Old tins of paint: Make sure they’ve not dried up then paint a patch on the lid to show the colour and a mark on the side to show how much is left. Some people just want a small amount of paint for a project.

Cooking items: Streamline your utensil drawer, haul out casserole dishes you never use, banish items bought and forgotten about—I’m talking cake tins in the shape of numbers, waffle makers, cake pop makers (all things I’ve either sold or bought at a car boot).

"Cake tins in the shape of numbers, waffle makers, cake pop makers—all things I’ve either sold or bought at a car boot"

Ornaments, photo frames, vases, candle holders, coasters etc: If you have things that are no longer bringing you joy (to paraphrase Marie Kondo) here’s your chance to pass them on to someone who might love them.

DVDs/CDs: Assuming you have access to streaming music and films, clear out the physical hard copies. CDs are apparently the new vinyl for collectors, and some people do still watch films on DVD.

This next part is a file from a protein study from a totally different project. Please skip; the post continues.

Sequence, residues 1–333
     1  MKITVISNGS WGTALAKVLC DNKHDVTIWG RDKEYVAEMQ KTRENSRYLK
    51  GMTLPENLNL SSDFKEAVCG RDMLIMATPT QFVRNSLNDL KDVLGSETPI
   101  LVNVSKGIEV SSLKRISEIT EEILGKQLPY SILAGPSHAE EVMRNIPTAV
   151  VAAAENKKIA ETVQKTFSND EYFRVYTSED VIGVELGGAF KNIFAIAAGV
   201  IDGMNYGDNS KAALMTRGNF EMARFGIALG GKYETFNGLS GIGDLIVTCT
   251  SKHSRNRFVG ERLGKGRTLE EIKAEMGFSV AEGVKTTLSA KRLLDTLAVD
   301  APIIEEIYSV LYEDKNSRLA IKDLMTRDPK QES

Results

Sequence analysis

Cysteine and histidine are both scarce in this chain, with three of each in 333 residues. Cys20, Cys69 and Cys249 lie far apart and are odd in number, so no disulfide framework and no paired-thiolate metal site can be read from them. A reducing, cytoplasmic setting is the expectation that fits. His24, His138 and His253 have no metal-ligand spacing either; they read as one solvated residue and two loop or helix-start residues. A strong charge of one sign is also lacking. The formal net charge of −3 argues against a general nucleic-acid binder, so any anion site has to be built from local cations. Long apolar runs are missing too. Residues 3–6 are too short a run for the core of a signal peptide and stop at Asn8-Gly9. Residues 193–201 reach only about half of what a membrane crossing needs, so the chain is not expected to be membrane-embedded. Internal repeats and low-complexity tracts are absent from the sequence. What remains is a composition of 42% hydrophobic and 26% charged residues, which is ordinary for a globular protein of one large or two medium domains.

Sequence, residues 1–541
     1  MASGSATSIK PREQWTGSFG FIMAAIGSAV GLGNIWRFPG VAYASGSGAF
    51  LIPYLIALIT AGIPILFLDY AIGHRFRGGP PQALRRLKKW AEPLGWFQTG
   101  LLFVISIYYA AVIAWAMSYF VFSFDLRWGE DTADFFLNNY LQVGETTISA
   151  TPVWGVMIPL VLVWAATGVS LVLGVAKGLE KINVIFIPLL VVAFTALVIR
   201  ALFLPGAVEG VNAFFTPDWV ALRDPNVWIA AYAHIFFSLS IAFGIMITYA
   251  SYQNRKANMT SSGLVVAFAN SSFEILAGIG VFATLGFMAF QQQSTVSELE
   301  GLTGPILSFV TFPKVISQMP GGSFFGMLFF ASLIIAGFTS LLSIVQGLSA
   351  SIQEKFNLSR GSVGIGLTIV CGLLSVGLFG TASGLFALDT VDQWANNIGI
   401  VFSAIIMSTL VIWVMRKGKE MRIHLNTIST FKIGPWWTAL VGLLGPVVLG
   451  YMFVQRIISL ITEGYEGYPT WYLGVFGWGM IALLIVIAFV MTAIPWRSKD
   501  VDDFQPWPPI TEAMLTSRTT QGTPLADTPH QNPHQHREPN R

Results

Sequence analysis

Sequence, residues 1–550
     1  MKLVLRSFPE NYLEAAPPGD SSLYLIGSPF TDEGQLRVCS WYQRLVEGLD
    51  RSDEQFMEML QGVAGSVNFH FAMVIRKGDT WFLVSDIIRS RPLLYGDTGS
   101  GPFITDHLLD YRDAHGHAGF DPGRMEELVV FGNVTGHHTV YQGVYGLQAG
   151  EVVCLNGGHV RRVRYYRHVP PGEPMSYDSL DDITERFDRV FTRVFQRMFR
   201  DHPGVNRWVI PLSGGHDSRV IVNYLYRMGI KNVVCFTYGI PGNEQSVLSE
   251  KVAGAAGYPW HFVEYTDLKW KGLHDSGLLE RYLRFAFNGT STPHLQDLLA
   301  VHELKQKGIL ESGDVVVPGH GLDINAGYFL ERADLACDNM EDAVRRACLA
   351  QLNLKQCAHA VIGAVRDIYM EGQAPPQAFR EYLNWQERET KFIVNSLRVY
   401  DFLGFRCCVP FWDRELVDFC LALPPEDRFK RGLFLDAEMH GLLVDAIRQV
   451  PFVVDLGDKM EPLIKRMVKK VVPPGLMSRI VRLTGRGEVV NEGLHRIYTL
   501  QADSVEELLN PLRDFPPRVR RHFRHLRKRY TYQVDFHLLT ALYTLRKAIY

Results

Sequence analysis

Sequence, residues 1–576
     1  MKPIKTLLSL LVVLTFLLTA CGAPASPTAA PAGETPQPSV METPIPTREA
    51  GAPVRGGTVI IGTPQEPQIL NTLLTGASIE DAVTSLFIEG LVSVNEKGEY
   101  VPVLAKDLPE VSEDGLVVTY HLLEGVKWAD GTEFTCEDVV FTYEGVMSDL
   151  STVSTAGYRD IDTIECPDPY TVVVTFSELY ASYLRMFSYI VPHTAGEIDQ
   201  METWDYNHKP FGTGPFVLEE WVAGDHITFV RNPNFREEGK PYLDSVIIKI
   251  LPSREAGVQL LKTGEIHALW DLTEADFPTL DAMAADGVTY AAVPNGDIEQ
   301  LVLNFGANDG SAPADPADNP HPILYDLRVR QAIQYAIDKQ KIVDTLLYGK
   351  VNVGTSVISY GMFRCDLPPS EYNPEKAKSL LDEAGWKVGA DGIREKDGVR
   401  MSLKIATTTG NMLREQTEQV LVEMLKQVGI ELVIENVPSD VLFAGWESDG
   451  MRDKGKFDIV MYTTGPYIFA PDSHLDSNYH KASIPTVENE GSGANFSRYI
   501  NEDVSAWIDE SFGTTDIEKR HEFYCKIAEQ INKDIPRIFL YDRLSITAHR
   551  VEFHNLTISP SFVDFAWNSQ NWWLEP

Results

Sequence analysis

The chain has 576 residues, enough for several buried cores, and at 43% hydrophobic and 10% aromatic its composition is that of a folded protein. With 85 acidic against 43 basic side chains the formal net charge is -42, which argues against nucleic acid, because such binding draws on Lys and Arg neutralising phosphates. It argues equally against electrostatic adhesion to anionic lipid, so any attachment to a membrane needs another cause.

Old rugs, cushions, blankets: Even if they’re not in great condition, people will often want them for their pets.

Random stuff: This is the bit I love. I wander around the house checking drawers and seeing what has been stashed and never used. The items I’ve thought “one day I’ll…. with that”. If you’re anything like me, the likelihood is you won’t. Abandoned hobbies, craft projects, DIY bits and pieces—I promise you’ll be amazed at what people will buy.

Don't forget the essentials

Clothes rail at car boot saleIf you're selling clothes, make sure to take a rail and hangers. Credit: Firn

  • A table—a folding decorators table is usual. If you don’t have one, they’re around £10 from a DIY shop.
  • If you’re selling clothes, a portable rail and hangers is a good idea—it makes it much easier for people to see what you’re selling.
  • Food, hot drinks/water, warm clothes. It will be an early start and you don’t want to be cold and hungry by 9am.
  • Plastic bags—people will often ask if you have a bag, especially for larger items.
  • You’ll have to pay to sell, usually between £5 and £10 pounds—take cash to pay on the gate.
  • Plenty of change—use a tin or plastic tub and have at least £20 in fivers and coins. Make sure you note how much float you take—you’ll want to work out your profits at the end!